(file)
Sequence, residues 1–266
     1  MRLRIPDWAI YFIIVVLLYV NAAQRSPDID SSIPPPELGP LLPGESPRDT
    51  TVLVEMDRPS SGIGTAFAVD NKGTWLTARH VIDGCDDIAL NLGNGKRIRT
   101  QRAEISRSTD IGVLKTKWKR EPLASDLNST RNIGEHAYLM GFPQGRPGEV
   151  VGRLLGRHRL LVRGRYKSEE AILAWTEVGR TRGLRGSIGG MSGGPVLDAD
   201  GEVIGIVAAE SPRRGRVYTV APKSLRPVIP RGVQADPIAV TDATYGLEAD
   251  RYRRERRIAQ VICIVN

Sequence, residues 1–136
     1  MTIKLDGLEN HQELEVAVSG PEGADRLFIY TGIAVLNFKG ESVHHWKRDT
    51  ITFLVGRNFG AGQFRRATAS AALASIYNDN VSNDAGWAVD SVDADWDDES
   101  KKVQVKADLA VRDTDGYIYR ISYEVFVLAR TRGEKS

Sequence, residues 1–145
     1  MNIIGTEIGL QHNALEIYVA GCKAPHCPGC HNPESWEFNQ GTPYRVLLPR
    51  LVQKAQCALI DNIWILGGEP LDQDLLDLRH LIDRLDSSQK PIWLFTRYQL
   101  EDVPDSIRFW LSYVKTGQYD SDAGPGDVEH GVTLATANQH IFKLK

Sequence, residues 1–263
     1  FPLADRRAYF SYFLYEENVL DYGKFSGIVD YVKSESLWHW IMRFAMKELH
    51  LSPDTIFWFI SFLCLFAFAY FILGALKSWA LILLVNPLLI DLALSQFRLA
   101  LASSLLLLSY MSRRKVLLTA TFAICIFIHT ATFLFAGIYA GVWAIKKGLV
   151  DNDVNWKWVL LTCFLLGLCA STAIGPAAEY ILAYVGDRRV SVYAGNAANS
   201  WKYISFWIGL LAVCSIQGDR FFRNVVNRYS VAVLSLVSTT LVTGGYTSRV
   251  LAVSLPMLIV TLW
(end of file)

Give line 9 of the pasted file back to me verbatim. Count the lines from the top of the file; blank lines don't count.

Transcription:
     1  MTIKLDGLEN HQELEVAVSG PEGADRLFIY TGIAVLNFKG ESVHHWKRDT